The Michigan Hord Rod Association (MHRA) plays a critical role in keeping the custom car culture alive in the state of Michigan. The MHRA is made up of several historic clubs that helped start the Detriot Autorama.

There’s something about a really nice 1934 Ford Roadster that just screams cool street rod. Daniel and Elisabeth Lettshek worked with Kosma Design and Fabrication (KDF) to create the “Hi Risk” ’34 Ford Roadster. The custom-built frame of Hi Risk has a Kugel independent front suspension, and Speedway Engineering quick-change rearend with coilover suspension bolted to it. SKW Motorsports built the rowdy small block that powers the roadster. Krist Kustom Hot Rod Interiors went all out with the streamlined bucket seats and custom upholstery.

Photo gallery


Kevin Kayne’s 1970 Barracuda is an absolute sledgehammer of a restomod. Under the hood of the ‘Cuda you’ll find a Gen III HEMI, but it’s not your typical elephant motor. Kayne opted to stuff a DSR Performance 1150 crate engine into his ride. This 426 cubic-inch mill cranks out 1,150 horsepower and 974 Lb-Ft of torque on pump gas, so more than enough to fry any set of tires.

If you want to build a Fox Body Mustang that stands out in a crowd, take a few notes on what Justin Wrona has done with his 1989 GT. The Dupont Hot Hues candy paint is a unique color that just really pops. Wrona’s choice of 18” SVE wheels is perfect and really matches the vibe of the car. The engine of this Mustang matches its hot looks with a 347 cubic-inch small block Ford, that’s rocking a Vortech V1 supercharger, and a hit of ZEX nitrous for good measure.

Homebuilt rides are always cool because the owners are so invested in the process. Gale and John Clish built their radical 1971 Pro Street Monte Carlo in a two-car garage. The G-body rides on an updated chassis that features a ladder bar rear suspension with a wishbone. Biggie Trim created the custom dash and other interior parts for the Monte Carlo. The 540 cubic-inch big block Chevy that has a massive blower on top is what really grabs people’s attention when they look at Gale and John’s Monte Carlo.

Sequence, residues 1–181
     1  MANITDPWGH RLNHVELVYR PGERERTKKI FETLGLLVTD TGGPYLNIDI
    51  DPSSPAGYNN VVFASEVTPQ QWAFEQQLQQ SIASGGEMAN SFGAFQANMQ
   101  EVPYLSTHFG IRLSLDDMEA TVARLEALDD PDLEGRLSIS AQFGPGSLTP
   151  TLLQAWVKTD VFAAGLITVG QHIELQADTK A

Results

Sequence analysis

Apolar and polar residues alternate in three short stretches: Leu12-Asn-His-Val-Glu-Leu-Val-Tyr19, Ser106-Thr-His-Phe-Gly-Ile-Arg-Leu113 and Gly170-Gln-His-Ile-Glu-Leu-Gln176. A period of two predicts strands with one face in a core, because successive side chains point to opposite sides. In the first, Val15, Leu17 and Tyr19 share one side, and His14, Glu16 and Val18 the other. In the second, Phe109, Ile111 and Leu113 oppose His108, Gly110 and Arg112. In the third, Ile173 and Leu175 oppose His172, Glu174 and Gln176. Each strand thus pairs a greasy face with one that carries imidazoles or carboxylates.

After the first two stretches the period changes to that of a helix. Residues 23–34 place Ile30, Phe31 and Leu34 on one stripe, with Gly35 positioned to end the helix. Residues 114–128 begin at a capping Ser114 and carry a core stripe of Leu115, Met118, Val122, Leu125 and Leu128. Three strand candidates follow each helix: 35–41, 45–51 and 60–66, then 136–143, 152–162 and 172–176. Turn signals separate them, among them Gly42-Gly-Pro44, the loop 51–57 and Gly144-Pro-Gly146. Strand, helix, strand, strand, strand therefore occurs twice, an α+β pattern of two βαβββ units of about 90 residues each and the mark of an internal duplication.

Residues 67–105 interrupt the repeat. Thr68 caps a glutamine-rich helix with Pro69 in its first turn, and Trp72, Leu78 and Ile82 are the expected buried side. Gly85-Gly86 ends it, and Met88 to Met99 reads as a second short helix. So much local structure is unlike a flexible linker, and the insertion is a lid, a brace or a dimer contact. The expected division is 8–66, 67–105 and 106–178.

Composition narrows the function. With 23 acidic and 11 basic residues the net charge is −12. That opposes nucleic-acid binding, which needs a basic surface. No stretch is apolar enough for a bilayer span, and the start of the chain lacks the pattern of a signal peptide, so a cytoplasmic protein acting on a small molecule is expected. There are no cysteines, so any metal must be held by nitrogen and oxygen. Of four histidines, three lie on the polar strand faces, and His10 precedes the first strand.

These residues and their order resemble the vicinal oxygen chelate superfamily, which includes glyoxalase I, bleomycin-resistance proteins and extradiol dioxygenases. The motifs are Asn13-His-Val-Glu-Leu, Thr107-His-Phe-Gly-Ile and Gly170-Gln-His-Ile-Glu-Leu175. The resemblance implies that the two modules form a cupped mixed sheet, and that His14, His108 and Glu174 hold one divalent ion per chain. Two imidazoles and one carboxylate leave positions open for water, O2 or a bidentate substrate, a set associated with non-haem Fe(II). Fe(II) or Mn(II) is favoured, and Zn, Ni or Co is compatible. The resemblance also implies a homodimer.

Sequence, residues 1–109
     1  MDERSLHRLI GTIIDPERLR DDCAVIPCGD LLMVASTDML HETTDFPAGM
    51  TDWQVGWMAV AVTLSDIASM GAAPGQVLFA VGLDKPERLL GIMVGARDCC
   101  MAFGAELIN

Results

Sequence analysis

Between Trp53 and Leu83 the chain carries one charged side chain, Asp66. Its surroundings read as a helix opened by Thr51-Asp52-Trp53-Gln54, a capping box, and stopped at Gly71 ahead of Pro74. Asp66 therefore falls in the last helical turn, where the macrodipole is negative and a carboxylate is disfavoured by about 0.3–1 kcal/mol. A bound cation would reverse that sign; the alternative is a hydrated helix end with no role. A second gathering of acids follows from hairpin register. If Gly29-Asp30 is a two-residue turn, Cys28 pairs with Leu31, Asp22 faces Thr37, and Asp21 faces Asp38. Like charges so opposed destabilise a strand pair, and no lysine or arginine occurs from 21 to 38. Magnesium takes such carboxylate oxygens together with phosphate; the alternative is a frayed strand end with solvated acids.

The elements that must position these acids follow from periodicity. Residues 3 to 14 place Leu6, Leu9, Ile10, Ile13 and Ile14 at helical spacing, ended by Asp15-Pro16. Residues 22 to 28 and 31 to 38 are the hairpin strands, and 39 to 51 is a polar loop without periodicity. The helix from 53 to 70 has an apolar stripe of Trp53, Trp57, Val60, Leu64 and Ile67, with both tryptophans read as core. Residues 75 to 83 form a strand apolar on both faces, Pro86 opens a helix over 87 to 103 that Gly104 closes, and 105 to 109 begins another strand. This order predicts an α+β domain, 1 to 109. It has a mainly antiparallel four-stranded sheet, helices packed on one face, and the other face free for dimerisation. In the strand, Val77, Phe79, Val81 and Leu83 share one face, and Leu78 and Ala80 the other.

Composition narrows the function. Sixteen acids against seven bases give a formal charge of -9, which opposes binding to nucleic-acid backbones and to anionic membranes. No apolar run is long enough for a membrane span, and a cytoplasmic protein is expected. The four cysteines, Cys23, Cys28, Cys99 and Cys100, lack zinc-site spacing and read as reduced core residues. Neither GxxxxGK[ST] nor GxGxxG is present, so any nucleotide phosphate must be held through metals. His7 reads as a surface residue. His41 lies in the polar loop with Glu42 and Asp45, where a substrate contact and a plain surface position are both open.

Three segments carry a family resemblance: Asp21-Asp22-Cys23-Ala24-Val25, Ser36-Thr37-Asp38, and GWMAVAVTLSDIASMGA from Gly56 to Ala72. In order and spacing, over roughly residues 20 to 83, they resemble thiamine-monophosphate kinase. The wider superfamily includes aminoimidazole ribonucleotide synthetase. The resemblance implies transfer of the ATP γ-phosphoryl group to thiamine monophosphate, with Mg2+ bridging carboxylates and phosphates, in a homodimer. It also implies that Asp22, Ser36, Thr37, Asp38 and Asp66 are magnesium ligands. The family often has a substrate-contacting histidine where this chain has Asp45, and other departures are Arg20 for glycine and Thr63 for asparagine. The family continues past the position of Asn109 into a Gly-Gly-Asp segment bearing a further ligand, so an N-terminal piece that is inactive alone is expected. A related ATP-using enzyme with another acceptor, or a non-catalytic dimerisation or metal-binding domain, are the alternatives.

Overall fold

Tony DelSignore’s 1966 Stingray Corvette is a sharp car that has been tastefully modified into a solid street machine. Sharp-eyed Corvette fans will notice the rear quarter panels and rear bumpers have been widened, plus the doors, fenders, and hood have also been modified. King’s Auto Upholstery addressed the inside of the Corvette and perfected its modern look. Under the hood, DelSignore didn’t pull any punches when it came to a powerplant. Lingenfelter Performance Engineering built a Gen V 502 cubic-inch big block that makes a tire-roasting 800 horsepower. The chassis and suspension of the Corvette was also addressed with an Art Morrison frame, and tubular control arms that are paired with Aldan shocks.

If you’re going to build a radical Pro Street car, you’d better be ready to go all in and take things over the top. Henry and Rhonda Ruiz did just that when they built their 1968 Plymouth Roadrunner known as “Armageddon”. The 477 cubic-inch Keith Black Stage 3 Hemi that’s wearing a massive Dyer’s 10-71 supercharger is the first thing that grabs your attention when you gaze at Armageddon.  Armageddon is more than just a Plymouth with a big engine, the car also boasts a Dana 60 rearend with a Moser engineering posi unit, a full set of Wilwood disk brakes, and QA1 shocks at each corner.

Well, the 2023 Detroit Autorama was an amazing event and we can’t wait to go back in 2024. Make sure you keep an eye on Street Muscle, we’re going to have our favorite picks for a few different categories for you to check out very soon!

About the author

Brian Wagner

Spending his childhood at different race tracks around Ohio with his family’s 1967 Nova, Brian developed a true love for drag racing. Brian enjoys anything loud, fast, and fun.